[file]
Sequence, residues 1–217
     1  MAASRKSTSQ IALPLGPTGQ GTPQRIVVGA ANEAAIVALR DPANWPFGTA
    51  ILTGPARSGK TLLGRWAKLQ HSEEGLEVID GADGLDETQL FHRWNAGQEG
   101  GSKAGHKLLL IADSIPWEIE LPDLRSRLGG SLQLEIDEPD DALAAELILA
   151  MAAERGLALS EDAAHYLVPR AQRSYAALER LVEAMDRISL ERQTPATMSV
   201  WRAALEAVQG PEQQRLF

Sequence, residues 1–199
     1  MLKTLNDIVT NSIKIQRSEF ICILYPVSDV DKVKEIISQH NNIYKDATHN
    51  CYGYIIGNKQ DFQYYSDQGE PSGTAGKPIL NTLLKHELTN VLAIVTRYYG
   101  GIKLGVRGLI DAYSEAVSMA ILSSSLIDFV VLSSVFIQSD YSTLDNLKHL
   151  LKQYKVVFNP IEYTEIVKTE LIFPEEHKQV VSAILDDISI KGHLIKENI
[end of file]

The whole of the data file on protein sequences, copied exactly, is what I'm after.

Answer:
Sequence, residues 1–217
     1  MAASRKSTSQ IALPLGPTGQ GTPQRIVVGA ANEAAIVALR DPANWPFGTA
    51  ILTGPARSGK TLLGRWAKLQ HSEEGLEVID GADGLDETQL FHRWNAGQEG
   101  GSKAGHKLLL IADSIPWEIE LPDLRSRLGG SLQLEIDEPD DALAAELILA
   151  MAAERGLALS EDAAHYLVPR AQRSYAALER LVEAMDRISL ERQTPATMSV
   201  WRAALEAVQG PEQQRLF

Sequence, residues 1–199
     1  MLKTLNDIVT NSIKIQRSEF ICILYPVSDV DKVKEIISQH NNIYKDATHN
    51  CYGYIIGNKQ DFQYYSDQGE PSGTAGKPIL NTLLKHELTN VLAIVTRYYG
   101  GIKLGVRGLI DAYSEAVSMA ILSSSLIDFV VLSSVFIQSD YSTLDNLKHL
   151  LKQYKVVFNP IEYTEIVKTE LIFPEEHKQV VSAILDDISI KGHLIKENI